5. Missile Lock...

    The AIM-7 Sparrow is a semi-active guided missile.
  6. F-14 - Why is it so popular?

    From what was told to me from guys that were in the squadron at the time; The VF-74 aircrew involved were not supposed to be part of the exercise, they were standing alert 5 when word was passed to launch the alert against an intruder, that is why they had live missiles. The aircrew intercepted the RF-4 and decided to "play" with the Phantom, the Tomcat pilot switched his master arm switch to "ON" instead of "Training" which allowed firing voltage to be sent to the selected station. In training mode, the AWG-15 prevented firing voltage from being sent but would "record" the shot on the HUD. That is why the RIO was telling him to shoot, so they could record the "kill" and that was supposed to make the RF-4 leave the area. So, when the front seater pulled the trigger, that Winder worked as advertised and came off the rail surprising the RIO who thought the front seater had placed the Master Arm in Training. A helo from the Sara picked up RF-4 crew and brought them back to the ship, both walked off the helo and down to medical under their own power. They had thought they either had a major engine malfunction or had collided with the Tomcat which caused the tail of their aircraft to explode and disintegrate. As stated, the front seater never took responsibility and supposedly made up a cover story as to the reason why he fired on the RF-4 but he did lose his wings.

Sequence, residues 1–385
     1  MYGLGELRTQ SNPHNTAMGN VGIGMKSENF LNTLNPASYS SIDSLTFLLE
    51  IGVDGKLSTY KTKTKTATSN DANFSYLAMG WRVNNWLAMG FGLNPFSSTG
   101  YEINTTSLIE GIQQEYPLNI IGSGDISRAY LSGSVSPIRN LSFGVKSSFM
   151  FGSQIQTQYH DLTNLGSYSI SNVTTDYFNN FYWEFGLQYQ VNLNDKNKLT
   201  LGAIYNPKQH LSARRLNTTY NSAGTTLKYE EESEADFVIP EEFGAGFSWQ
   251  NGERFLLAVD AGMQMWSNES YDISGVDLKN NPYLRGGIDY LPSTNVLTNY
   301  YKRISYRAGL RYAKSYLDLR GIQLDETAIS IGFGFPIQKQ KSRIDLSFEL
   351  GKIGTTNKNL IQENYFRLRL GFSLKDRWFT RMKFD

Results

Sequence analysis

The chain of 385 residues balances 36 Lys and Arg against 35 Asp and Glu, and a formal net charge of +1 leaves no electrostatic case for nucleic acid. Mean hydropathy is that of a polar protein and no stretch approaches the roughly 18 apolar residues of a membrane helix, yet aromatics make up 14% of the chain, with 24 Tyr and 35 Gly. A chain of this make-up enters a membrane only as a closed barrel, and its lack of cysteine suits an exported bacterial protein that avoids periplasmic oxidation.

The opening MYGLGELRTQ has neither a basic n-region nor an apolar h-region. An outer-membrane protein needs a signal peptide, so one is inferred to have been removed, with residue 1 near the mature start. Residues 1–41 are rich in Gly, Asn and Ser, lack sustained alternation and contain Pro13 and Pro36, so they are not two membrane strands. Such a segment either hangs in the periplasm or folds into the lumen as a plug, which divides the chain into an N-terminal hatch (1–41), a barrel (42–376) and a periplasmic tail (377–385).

7. F-14 - Why is it so popular?

    I started in Tomcats in 87 and ended in 01. VF-101 Framp - 87 VF-101 Hardcore 88-90, Ord shop shift Sup and LPO VF-103 90-93, Ord shop Shift Sup, Full Systems QAR and Troubleshooter/Final Checker qualified VF-101 Framp/NAMTRA Instructor 93-96, Arm Sys and Plane Captain Course Instructor VF-143 96-00, Ord shop LPO, QA LPO, Full System QAR and Troubleshooter/Final Checker/PC qualifier VX-23 01-02 Bomb Shop LPO (F-14A and D's and F-18A-E's) Before I was in Tomcats I was in VA-82 (A-7E's) and was a CAGARM Team Leader for a NATO Cruise and Med Cruise. Currently supporting NAVAIR in an ordnance and F-18A-G technical/software certification role. Not bragging, just letting you know my background/experience with the Tomcat and Hornet. I'm sure we both have shed blood on the same aircraft and pounded the same flight line.
  8. F-14 - Why is it so popular?

    What's the date on that NATOPS? Remember, there's a difference between designed and roles being filled, back in the mid to late 60's Fleet Defense Fighters were the thing in the Navy. Hell, the F-4 was designed as a Fleet Defense Fighter (FDF), that's why it didn't have a gun, it was suppose to be a missile platform for BVR engagements, the Tomcat was designed to replace the F-4 but the Navy learn from Vietnam that even a FDF needed a gun.